There’s plastic in our oceans. We see it on the news, in magazine articles, on Facebook, or rather, we see the result: pictures of animals and birds tangled in fishing netting, trapped in plastic packaging, ingesting carrier bags and other floating plastic, or feeding plastic bottle tops and lighters to their young instead of food.
That’s just the plastic we see, but there is a lot more plastic in the ocean.
Plastic that’s too small for us to see. Microplastics.
(Officially, microplastics are plastics that measure 5mm or less, but often they are less than 1mm.) We might not be able to see them, but they still have a huge impact on the oceans. First up, they still get eaten by marine life. Small fish eat smaller pieces of plastic, and as we go up the food chain and these fish are eaten by bigger fish, the amount of plastic increases. If we eat fish, there’s a chance that this plastic is ending up on our plates.
The other big issue with plastics in the ocean, is that plastics are lipophilic, meaning they attract lipids and fats. (If you’ve ever used a plastic container to store something oily, you might have noticed that it’s very hard to get clean afterwards. That’s because plastic is attracted to the oil.)
It’s not just water and plastics and fish in the ocean. There are a lot of chemicals. Like POPs. They might have a fun name, but POPs are persistent organic pollutants: man-made chemicals that take a long time to break down. Chemicals like DDT, PCBs, brominated flame retardants and other pesticides. These chemicals might have been banned decades ago, but all rivers lead to the ocean, and they persist here.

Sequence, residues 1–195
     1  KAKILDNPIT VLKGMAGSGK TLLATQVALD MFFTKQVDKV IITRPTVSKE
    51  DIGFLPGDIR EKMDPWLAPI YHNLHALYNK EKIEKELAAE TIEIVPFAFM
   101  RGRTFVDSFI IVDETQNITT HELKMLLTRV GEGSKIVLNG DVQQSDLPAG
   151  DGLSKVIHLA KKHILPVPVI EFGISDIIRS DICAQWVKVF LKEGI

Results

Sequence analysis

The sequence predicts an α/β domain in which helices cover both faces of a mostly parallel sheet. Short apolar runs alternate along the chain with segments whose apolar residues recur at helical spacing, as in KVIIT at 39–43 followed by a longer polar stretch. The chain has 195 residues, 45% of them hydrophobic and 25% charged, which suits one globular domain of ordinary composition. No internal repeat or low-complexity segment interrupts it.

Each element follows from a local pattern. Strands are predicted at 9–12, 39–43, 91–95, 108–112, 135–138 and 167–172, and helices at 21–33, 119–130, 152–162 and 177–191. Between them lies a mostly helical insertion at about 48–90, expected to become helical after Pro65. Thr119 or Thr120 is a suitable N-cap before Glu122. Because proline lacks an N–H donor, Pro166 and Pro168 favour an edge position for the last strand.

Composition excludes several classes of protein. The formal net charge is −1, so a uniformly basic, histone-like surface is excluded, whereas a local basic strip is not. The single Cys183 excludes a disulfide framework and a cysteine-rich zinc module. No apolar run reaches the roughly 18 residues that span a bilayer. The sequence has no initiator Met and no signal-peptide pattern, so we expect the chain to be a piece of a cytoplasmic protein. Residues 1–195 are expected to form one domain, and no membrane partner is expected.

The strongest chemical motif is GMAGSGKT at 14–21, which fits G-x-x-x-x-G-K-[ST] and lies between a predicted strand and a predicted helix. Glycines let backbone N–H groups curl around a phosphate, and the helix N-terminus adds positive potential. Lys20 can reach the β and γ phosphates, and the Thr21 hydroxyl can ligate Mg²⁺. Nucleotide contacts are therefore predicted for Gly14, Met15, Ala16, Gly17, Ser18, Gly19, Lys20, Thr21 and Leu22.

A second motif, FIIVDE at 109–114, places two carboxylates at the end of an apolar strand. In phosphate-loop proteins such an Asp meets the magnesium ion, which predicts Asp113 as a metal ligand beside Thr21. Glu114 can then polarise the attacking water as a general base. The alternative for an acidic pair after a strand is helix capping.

They don’t just persist, they are attracted to the plastics in the ocean, so become concentrated here.
The smaller the plastic, the bigger the surface area in proportion, and the more POPs. This toxic combination is entering the food chain…and potentially ending up in our food.
Microbeads – a Threat to Our Oceans
Microbeads have been receiving a lot of attention recently, with organisations like 5 Gyres putting pressure on companies to stop using them and the Story of Stuff launching a Ban the Bead campaign to raise awareness. Microbeads are tiny balls of plastic added to cosmetic products to act as exfoliants, basically because they are cheaper than using natural ingredients like sugar, salt, coffee, apricot kernels…the list goes on. They aren’t just in face scrubs either – they are even found in toothpaste!
These tiny plastic beads are washed down drains when these products are used, and end up at water treatment plants… however, they are too small to be collected by filters, and so are washed into the ocean.
The Plastic Problem Hiding in the Closet
It’s easy to get mad about microbeads because it’s easy to see that they are completely pointless. Especially as a solution exists – there are natural alternatives out there with the same exfoliating properties, but with the added bonus of being biodegradable. However, there’s another problem that’s not so easy to see and can hardly be put in the “pointless” category…and it’s hiding in our closets.
Most of us have items of clothing made of plastic. Think polyester, acrylic and nylon: these fabrics are made of synthetic (plastic) fibres. When we wash our clothes in a washing machine, some of these fibres are shed and go with the waste water to the water treatment plants. “Some” isn’t even close to the actual amount. Research conducted in 2011 showed that a single synthetic garment can release more than 1900 fibres per wash.